Sri Lankan port workers protest against proposed deal with India
Wearing black arm bands, the workers of the strategic Colombo Port have restarted their protest against a proposed deal with India to develop a deep-sea container terminal of the country's largest and busiest port.
Colombo: Wearing black arm bands, the workers of the strategic Colombo Port have restarted their protest against a proposed deal with India to develop a deep-sea container terminal of the country's largest and busiest port.
The workers ended their protest on July 3 following a meeting with Prime Minister Mahinda Rajapaksa, a day after they had threatened to go on an indefinite strike if the government allowed a foreign country to develop the Eastern Container Terminal (ECT).
The previous Sirisena government signed a "memorandum of cooperation" (MOC) with India and Japan for a tripartite effort to develop the ECT which is located just next to the USD 500 million Chinese-run Colombo International Container Terminal (CICT).
Although the MOC was completed last year, a formal agreement for the terminal's development is yet to be signed and the trade unions are pressing the government to abandon the MOC and develop the terminal as a 100 per cent Sri Lankan venture.
The workers, who launched the 'Black Week' protest on Wednesday, alleged that government had reneged on the pledge to make the ECT operational as a Sri Lankan venture.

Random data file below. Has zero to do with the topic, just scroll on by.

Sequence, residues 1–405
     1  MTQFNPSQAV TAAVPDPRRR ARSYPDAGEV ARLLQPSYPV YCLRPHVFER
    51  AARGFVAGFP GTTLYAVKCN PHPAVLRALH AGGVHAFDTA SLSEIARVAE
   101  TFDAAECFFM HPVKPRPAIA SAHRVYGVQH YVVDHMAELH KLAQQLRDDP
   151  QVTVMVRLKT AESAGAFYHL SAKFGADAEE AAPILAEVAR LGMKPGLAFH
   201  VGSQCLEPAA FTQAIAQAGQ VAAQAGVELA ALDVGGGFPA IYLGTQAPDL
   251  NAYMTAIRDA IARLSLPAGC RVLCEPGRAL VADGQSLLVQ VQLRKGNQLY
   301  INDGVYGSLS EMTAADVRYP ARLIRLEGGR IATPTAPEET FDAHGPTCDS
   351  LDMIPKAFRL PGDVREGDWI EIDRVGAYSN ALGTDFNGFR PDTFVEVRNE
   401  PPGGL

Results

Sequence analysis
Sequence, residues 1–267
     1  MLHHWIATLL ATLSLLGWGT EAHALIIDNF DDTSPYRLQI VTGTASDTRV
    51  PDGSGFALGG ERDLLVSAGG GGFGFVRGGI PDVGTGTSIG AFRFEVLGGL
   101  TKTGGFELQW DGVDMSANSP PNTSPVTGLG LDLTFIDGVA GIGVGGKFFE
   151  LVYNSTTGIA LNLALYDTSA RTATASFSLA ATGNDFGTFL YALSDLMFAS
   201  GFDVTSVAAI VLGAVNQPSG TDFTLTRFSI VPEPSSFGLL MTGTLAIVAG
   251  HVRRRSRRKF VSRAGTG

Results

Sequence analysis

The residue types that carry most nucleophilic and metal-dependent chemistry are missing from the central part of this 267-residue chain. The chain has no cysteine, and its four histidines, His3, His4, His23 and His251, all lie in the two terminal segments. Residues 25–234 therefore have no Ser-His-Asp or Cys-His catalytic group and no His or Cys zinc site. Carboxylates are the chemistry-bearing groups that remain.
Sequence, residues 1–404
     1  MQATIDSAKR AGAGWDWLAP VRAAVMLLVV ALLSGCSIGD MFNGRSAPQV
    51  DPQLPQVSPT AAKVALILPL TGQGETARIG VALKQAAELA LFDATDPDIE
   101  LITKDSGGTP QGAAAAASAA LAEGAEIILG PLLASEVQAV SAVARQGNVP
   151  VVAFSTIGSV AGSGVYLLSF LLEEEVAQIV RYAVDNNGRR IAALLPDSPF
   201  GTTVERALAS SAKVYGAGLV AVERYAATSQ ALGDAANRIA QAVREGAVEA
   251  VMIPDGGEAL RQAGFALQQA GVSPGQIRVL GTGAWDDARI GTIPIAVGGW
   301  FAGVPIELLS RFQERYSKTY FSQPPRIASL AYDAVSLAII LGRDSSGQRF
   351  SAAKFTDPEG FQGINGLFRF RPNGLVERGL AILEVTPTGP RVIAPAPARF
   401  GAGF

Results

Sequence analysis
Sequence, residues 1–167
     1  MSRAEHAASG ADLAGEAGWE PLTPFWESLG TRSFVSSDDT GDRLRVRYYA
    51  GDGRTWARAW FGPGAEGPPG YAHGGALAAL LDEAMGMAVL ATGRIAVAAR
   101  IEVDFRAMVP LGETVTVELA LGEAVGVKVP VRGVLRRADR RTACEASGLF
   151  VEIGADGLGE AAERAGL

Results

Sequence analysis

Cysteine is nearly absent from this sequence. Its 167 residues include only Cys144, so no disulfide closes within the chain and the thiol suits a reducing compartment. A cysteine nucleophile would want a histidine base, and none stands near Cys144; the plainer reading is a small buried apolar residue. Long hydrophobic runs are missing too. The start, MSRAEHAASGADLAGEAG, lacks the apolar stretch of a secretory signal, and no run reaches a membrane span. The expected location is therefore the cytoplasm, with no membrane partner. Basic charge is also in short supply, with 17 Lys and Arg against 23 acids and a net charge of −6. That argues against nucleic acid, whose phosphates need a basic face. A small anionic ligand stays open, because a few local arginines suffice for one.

"The government must say who is pressuring them on this. If it is India, then we will say that port's future will be in danger," Shamal Sumanaratne, a trade union leader told reporters.
The port workers have roped in influential Buddhist monk Elle Gunawansa to join them. The monk blessed the protestors and issued a warning to the government.
"We will give this government more time, if they don't want to do the right thing, we will take to the streets," Gunawansa said.
Prasanna Kalutharage, another trade union leader, said the port workers would ensure 50 million rupees to the Treasury every month through ECT's operation as a 100 per cent Sri Lankan venture.
The workers said that one of the solutions offered at the meeting with Rajapaksa was to install three newly-imported gantry cranes at the ECT, which is not being fulfilled as due to the deliberate delay in work.
They expressed happiness after the meeting with Rajapaksa, asserting that they had won the round one in getting permission to instal the cranes while the next step would be to operationalise the ECT.
The workers said the crisis at the port would be decisive to the government at the parliamentary election on August 5.
"The government would learn a lesson at the election," warned KPP Krishantha, another union leader.
Both President Gotabaya Rajapaksa and his brother and Prime Minister Mahinda Rajapaksa have appealed to the voters to give them a mandate as large as two thirds of seats in the 225-member parliament.
Earlier this month, the prime minister told reporters that no final decision had been made yet to hand over the development of the ECT to India.
"This was a diplomatic agreement with India signed by the last government an agreement between President Sirisena and Prime Minister (Narendra) Modi," he had said.
The trade unions were protesting against the alleged "Indian pressure" to prevent Sri Lanka from developing the ECT on its own.
They have called for expediting the development of the East Terminal and are against handing it over to a foreign country.
Colombo Port is the largest and busiest port in Sri Lanka. Located on the southwestern shores on the Kelani River, it serves as an important terminal in Asia due to its strategic location in the Indian Ocean.